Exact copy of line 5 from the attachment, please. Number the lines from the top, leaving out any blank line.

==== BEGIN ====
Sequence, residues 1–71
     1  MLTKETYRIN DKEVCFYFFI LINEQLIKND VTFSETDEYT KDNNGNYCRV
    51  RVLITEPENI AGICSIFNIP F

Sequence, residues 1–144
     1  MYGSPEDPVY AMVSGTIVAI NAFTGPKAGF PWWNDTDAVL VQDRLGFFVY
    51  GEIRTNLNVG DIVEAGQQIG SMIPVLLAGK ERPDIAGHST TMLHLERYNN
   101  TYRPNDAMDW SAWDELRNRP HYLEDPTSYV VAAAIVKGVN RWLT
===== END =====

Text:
     1  MYGSPEDPVY AMVSGTIVAI NAFTGPKAGF PWWNDTDAVL VQDRLGFFVY